Broken Hip but No Benefits
—Alamance County, NC, aid recipient—
I was trying to get social security one time. I should still be able to get it. I broke my hip 2004. That’s four screws, two bolts and a plate. And somehow or another, cut off the circulation to the bone, so it’s like eating it a little bit at a time.
You’re x-ray’s is supposed to be bright white. Mine is like bright white and there’s a black spot about that far [indicates about an inch] going down, a little bit more all the time. But for some reason they turned me down for Social Security. They told me they usually do that two or three times but I just never went and applied again. I don’t know why.
Q: And they didn’t give you much of a reason as to why they turned you down?
Nah, they said I’m too mobile. But I was riding a bicycle at the time from like Webster Road to Huffman Mill everyday when I was working at Arby’s. So I mean, I can see their point. I mean, I can get around, no problem but how far down does a bone have to die before they’re gonna have to cut it off and slap something in there. Come on. I’d rather not wait ‘til it gets down to me knee.
But I think social security is, you might go years, trying to get social security. Some of these people—I know ten or fifteen people floating in and out all the time, they’re getting checks for no visible reason. There’s nothing wrong with them. I don’t understand what the thing is but they’re getting…
There’s one guy, perfectly sane, I’ve talked to him many a times. He just wears two different kinds of tennis shoes—one different tennis shoe on each foot from different sets and just does stupid things when he’s around any kind of a, like, a social worker or something like that. Other than that, you talk to him off to the side and he perfectly sane. Probably smarter than I am. But I just… I don’t know. Like my situation, I think at least put me through Medicaid for a little while, you know?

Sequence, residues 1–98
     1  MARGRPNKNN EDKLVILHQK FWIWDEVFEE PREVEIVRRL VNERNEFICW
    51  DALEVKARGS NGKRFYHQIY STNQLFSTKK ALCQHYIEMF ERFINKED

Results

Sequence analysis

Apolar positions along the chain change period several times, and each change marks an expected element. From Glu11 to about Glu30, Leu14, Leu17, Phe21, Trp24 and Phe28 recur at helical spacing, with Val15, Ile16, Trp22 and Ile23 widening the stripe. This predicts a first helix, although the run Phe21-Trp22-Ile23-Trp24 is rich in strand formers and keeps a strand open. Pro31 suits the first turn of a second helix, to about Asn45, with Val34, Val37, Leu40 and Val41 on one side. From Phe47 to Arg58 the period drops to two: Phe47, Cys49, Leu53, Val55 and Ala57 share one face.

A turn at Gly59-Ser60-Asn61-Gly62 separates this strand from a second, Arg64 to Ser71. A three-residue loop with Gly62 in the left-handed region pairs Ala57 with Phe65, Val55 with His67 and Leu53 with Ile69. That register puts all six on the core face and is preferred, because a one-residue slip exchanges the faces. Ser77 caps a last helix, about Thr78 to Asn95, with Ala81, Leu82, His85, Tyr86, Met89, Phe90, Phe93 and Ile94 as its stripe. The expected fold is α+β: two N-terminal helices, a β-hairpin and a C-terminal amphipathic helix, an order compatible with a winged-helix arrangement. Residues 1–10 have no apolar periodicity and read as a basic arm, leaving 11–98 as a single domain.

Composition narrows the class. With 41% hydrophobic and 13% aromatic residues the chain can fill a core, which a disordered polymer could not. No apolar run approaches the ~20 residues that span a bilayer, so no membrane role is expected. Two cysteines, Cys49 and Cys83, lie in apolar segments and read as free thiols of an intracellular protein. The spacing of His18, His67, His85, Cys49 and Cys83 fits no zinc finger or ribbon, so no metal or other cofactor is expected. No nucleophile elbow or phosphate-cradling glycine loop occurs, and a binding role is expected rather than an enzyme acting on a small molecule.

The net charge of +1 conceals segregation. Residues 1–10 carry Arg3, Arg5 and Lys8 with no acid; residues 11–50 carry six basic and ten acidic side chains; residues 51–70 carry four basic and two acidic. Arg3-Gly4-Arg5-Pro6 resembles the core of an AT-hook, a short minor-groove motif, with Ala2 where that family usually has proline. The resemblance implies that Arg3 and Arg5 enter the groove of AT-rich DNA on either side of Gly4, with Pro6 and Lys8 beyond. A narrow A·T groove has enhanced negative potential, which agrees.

If I stand in one spot for two, three hours, that’s it. I used to have to…I’d work four hours at Arby’s and then I had to ride a bike home. Took he forty-five minutes to get there. About thirty minutes to get back. I had no problem, but when I first start out, it’s like oil in the machinery, It’s like geez. After, about fifty feet I’m fine, but you know the first fifty feet is a pain. But you know, if you actually need it [Social Security Disability Insurance or Medicaid], I mean go ahead and don’t make it so difficult.
But everybody I’ve ever talked to always says it takes some two or three times to apply before they ever get it. And then if you don’t apply for a lawyer, who is going to take a third [of the settlement], and then a lawyer usually won’t even take you unless you got a open and shut case. The first time. So you got to get turned down at least once, be halfway through the second time before they’ll even look at your paper work because it’s not financially worth it for them.
So you got to be looking at a pretty decent settlement for they’ll even bother. I’m not sure if that’s all of them, but I talked to two of them I think, I don’t remember the names, but talked to at least two and they said after you get turned down the next time, we’ll talk to you, or something like that. It’s like, ah, whatever.
At the time of the interview, Michael was unemployed, applying for disability. He is Caucasian, aged 46, and was interviewed by Tom Mould, Mar. 20, 2013.